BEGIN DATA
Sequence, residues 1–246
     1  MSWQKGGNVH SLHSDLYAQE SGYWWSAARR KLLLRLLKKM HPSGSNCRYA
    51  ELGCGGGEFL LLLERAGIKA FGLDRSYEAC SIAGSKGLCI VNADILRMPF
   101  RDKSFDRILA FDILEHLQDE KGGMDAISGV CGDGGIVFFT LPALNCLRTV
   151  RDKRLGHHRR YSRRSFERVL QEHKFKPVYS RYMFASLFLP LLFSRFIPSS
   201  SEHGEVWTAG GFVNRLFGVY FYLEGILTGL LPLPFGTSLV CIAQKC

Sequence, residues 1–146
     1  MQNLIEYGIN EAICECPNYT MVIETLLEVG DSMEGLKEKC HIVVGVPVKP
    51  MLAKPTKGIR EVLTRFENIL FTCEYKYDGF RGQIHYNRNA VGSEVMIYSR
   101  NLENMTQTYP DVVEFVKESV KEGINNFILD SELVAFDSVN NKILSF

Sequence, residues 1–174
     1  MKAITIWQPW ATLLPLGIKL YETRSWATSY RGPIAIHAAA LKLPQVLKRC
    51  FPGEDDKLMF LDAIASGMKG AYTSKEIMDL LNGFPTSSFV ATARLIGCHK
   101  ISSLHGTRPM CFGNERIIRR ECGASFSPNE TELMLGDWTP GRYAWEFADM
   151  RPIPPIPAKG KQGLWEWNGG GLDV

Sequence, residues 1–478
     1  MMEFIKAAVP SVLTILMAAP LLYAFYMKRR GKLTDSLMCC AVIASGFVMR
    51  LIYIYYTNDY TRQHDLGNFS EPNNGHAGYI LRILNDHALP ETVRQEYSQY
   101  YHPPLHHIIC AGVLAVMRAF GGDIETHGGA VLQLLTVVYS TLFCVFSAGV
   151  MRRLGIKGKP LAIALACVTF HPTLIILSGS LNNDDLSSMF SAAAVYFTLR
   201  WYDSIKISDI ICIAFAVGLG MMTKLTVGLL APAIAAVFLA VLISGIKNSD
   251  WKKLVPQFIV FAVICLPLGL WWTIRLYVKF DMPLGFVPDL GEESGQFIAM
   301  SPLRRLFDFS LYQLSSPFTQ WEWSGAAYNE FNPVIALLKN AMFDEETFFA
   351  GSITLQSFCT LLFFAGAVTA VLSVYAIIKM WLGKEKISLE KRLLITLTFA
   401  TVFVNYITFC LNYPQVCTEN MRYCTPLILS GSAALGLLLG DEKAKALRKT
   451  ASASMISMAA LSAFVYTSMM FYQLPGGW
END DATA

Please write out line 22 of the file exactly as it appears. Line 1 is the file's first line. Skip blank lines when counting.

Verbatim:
   251  WKKLVPQFIV FAVICLPLGL WWTIRLYVKF DMPLGFVPDL GEESGQFIAM